She continued: “The absence of specific training on dealing with people living with HIV/Aids among dental healthcare providers in Pakistan has led to a reliance on stereotypes and assumptions. Unlike many neighbouring countries, the usual medical curriculum in Pakistan lacks incorporation of training on HIV/Aids-related issues, contributing to the prevalence of negative stereotypes among healthcare providers.”

The impact of HIV/Aids-related stigma

According to Dr Rana, the historically low prevalence of HIV/Aids in Pakistan has led to a lack of attention from health authorities and policymakers, resulting in a paucity of educational initiatives and limited institutional support for dental healthcare providers and ultimately perpetuating negative stereotypes and hindering the delivery of oral care; nonetheless, she said that the research team was surprised by the extent of misconception among the study population.

“Unlike many neighbouring countries, the usual medical curriculum in Pakistan lacks incorporation of training on HIV/Aids-related issues.”

“The study, being the first of its kind in Pakistan among dental care providers, uncovered a strikingly high prevalence of HIV/Aids-related stigma within various dental care facilities in the Islamabad Capital Territory,” Dr Rana said. She commented that the discriminating attitude shown towards patients with HIV/Aids not only undermines quality of care but also fosters self-stigmatisation among these patients. “This self-stigmatisation, in turn, has profound and detrimental effects on their mental health, treatment adherence and overall quality of life. When healthcare providers harbour misconceptions and judgements about HIV/Aids, it creates an environment that not only hinders open communication between providers and patients but also instils fear and hesitation in people living with the virus.”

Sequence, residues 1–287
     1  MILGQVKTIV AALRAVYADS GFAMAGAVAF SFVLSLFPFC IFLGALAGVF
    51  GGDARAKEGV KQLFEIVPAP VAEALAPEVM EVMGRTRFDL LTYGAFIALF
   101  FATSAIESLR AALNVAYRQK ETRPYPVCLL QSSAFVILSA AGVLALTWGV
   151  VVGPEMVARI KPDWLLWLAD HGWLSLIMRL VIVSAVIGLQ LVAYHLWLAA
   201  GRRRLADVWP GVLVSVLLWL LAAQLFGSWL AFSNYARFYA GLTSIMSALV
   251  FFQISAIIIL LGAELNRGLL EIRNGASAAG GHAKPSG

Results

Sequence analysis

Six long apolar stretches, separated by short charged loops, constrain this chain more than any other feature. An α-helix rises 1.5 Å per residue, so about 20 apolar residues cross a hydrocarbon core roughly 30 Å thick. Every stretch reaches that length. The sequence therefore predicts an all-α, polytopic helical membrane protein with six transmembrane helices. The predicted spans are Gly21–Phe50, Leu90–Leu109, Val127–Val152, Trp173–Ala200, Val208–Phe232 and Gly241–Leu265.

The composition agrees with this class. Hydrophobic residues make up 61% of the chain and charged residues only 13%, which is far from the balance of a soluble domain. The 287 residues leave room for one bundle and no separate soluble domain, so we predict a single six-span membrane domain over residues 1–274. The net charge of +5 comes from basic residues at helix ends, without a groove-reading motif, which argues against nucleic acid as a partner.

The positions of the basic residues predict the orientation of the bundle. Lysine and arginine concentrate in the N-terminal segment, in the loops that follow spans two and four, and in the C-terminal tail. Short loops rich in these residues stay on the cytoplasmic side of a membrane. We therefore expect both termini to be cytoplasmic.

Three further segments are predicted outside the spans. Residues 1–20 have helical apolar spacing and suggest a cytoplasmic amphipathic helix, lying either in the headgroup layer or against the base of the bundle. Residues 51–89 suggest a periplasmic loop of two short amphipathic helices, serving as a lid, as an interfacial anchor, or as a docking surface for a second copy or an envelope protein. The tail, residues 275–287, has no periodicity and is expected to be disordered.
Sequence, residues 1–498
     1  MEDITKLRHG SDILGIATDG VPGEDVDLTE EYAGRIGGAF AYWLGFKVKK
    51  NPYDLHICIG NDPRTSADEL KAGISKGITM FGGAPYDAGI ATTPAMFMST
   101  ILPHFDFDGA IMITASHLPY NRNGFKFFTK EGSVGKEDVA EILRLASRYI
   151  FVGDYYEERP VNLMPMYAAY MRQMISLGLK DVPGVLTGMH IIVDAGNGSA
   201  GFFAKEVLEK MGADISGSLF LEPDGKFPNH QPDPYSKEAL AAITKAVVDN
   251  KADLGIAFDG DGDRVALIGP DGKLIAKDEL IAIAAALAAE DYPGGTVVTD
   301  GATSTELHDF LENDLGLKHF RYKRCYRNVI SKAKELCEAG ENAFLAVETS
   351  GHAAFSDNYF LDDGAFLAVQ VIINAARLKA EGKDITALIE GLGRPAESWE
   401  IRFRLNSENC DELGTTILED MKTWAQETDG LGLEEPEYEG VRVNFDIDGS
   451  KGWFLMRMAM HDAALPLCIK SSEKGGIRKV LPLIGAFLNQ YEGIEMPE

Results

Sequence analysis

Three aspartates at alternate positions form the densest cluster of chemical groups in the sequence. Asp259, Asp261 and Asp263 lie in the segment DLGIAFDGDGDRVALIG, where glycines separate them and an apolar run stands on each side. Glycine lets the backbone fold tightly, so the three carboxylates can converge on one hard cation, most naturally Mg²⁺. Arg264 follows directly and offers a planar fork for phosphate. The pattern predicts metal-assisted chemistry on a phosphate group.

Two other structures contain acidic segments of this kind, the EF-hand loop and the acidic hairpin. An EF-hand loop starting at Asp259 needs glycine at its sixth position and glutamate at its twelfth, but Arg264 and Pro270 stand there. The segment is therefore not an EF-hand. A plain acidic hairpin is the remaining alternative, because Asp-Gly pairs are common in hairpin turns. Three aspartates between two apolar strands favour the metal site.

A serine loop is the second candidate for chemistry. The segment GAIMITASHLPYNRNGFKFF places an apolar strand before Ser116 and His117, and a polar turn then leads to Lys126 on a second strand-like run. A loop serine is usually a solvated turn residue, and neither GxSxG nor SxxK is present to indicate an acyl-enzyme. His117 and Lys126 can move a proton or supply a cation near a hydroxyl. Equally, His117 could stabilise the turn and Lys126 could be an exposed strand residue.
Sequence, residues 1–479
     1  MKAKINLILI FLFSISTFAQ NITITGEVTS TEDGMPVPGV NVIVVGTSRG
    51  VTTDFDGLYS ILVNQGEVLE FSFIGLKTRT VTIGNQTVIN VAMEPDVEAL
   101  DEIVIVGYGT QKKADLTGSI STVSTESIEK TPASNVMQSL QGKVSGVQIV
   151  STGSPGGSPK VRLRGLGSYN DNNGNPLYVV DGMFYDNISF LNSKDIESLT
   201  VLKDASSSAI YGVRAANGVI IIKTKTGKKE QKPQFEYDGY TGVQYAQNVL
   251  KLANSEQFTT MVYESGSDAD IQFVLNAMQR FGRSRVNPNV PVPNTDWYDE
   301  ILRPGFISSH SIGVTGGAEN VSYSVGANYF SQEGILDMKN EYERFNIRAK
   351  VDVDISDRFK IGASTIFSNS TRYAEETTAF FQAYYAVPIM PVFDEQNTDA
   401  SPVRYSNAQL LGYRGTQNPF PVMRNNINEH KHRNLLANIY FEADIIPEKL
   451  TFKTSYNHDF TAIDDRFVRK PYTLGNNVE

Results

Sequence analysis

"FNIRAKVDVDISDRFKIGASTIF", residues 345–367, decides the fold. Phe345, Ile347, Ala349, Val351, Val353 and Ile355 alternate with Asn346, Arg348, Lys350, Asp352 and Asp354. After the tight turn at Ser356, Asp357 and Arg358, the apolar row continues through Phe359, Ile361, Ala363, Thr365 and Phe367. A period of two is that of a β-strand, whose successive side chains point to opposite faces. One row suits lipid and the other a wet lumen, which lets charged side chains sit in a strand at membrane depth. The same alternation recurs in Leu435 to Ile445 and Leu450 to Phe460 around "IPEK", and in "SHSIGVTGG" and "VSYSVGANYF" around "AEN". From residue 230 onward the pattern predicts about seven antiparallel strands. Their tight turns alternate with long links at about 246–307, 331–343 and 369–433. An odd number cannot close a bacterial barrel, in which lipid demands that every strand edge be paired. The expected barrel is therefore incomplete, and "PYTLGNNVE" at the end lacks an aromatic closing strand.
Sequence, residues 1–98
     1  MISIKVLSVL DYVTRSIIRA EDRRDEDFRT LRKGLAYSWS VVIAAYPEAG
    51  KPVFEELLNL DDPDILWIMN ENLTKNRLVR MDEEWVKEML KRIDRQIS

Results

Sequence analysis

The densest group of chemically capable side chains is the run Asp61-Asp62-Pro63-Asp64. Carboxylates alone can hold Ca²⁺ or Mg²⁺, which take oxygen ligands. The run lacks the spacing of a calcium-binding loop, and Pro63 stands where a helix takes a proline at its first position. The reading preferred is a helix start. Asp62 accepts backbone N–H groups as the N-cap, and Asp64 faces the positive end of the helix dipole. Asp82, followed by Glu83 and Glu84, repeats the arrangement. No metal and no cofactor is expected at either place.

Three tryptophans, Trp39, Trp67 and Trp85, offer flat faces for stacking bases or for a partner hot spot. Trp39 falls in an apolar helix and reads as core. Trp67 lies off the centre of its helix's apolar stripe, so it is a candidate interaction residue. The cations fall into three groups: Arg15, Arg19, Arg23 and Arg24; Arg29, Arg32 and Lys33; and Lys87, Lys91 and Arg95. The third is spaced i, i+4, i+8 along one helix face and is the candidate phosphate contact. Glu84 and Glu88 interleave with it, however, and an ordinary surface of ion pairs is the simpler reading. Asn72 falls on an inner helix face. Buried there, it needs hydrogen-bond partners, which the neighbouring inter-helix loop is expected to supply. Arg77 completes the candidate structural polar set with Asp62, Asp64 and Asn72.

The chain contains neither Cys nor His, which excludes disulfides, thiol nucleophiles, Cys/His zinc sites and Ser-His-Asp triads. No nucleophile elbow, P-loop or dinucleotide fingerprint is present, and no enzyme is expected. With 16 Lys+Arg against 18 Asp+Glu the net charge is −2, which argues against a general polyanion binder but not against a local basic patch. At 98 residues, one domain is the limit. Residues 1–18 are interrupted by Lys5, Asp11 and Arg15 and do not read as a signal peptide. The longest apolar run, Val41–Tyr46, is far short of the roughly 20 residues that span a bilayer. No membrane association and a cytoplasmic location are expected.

“The impact of this stigma extends beyond the immediate healthcare interactions. People living with HIV/Aids may find themselves compelled to conceal their HIV status or provide false information to avoid judgement and discrimination. Such behaviour not only jeopardises their access to appropriate healthcare but also increases the risk of spreading the infection owing to lack of transparency in medical histories,” she explained.

“Addressing and dismantling these deeply ingrained stigmas within healthcare settings is crucial not only for the well-being of people living with HIV/Aids but also for fostering an inclusive and compassionate healthcare environment that promotes the overall health and dignity of every individual,” Dr Rana concluded.

Some 183,000 people in Pakistan were estimated to have HIV/Aids in 2020. The number of people with HIV/Aids globally was 39.0 million in 2022, compared with 26.6 million in 2000, according to the World Health Organization.

The study, titled “A cross-sectional study to assess HIV/AIDS-related stigma and its drivers among dental healthcare providers in Islamabad, Pakistan”, was published online on 9 October 2023 in the open access journal Cureus.